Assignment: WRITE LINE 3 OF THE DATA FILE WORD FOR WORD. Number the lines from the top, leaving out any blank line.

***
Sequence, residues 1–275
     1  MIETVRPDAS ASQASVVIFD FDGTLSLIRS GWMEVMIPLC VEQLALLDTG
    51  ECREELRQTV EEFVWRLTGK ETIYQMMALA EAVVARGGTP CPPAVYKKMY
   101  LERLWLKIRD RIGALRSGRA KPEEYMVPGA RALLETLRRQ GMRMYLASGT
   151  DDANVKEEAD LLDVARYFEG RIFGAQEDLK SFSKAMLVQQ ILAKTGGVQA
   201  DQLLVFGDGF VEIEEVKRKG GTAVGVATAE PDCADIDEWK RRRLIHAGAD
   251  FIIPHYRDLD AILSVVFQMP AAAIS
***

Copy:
    51  ECREELRQTV EEFVWRLTGK ETIYQMMALA EAVVARGGTP CPPAVYKKMY